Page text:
Providers will have to contribute 25 per cent of advisers’ Financial Services Compensation Scheme bills, the FCA has ruled today.
Despite fierce opposition from some providers, and some advisers arguing that providers should pay up to 50 or 75 per cent in response to the FCA’s consultation, the regulator has decided to go ahead with proposals for providers to field a quarter of advisers’ funding requirement.
The provider contributions will also include discretionary fund managers and depositaries.
The FCA writes: “We think that requiring providers to play more of a role in contributing to the FSCS reflects the fact that these firms benefit from overall confidence in the UK market and the structures that exist for the distribution of products to consumers. Requiring providers to contribute should further incentivise them to design products that are well understood by intermediaries and that benefit end consumers, and to understand and exercise control over their distribution chains.”
Providers such as Aegon has been in favour of the move, but others noted that they could not be held responsible for advisers’ behaviour, and the costs of increased scrutiny of advisers might be passed on to consumers, according to the consultation responses published today.
Some vertically integrated firms said they should only have to pay costs if their own advice business failed, but the FCA dismissed this on the basis that if it “removed firms with direct sales models, providers who use external intermediaries would subsidise levies paid by those who do not.”
The FCA added that alternative proposals for FSCS funding put forward by providers would either increase the volatility or complexity of the scheme.
The regulator writes: “Given the complexity of the financial services market we are wary of introducing an overly complex calculation. We thought that 25 per cent was a reasonable reflection of our overall policy aims, accepting the divergent industry views on the topic, and recognising that this is a significant change.”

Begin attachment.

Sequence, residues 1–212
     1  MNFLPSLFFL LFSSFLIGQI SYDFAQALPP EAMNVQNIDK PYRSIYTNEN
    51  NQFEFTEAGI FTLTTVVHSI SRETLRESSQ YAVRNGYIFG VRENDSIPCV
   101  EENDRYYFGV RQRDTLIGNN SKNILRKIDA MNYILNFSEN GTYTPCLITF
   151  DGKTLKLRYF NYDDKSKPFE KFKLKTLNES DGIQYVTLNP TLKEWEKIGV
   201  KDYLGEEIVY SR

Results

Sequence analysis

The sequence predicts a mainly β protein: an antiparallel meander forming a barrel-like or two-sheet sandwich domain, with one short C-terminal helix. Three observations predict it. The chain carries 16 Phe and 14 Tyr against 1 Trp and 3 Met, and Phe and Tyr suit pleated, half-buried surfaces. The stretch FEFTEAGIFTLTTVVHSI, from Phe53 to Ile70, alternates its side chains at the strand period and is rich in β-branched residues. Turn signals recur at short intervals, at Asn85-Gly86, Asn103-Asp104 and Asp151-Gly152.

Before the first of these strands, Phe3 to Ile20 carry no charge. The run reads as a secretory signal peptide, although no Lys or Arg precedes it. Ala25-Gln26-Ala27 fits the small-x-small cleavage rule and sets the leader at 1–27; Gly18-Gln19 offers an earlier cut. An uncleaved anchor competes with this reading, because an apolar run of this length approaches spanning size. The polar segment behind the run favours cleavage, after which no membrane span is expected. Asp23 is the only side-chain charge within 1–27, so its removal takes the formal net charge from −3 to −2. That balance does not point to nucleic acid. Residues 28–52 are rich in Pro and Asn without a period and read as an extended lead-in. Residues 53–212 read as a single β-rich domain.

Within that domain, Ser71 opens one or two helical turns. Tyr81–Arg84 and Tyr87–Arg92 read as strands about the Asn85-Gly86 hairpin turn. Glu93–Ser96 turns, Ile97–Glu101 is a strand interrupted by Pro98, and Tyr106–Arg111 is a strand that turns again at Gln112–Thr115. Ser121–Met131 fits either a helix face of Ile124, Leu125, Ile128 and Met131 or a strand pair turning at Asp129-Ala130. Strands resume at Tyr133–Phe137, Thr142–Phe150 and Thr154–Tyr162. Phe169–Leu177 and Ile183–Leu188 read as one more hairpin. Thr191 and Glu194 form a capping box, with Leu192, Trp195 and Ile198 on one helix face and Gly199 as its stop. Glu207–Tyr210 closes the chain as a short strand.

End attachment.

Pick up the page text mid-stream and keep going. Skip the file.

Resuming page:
The decision comes after a multi-year review of FSCS funding by the FCA, with several other new rules intend to reduce the volatility of compensation bills and ensure different sectors contribute fairly.
Previously, adviser business was split into two classes – pensions and investment intermediation – with FSCS bills calculated based on the respective turnover from each pool.
To streamline this, the FCA has decided to merge the two classes.
Advisers selling pure protection will also be moved out of those pools to sit in the general insurance distribution funding pot.
However, at the same time, the limit on claims for investment intermediation will increase from £50,000 to £85,000. This helps address the discrepancy in limits between annuities, for example, where 100 per cent of the policy is covered because it is insurance backed, and drawdown style products where bad advice has been received.
The FCA has proposed a further new rule, that professional indemnity policies do not bar claims in the case of insolvent firms, shifting more compensation to insurers rather than the FSCS.
The FCA writes: “We are aware that historically, some PII providers have sought to limit their liability by preventing the FSCS from making a claim on the policy…Where a firm has, for example, provided negligent financial advice for a consumer to invest in a fund, we do not believe a claim on that firm’s PII should be excluded by virtue of the insured or the fund becoming insolvent, provided the claim has been notified correctly and the product is not otherwise excluded.”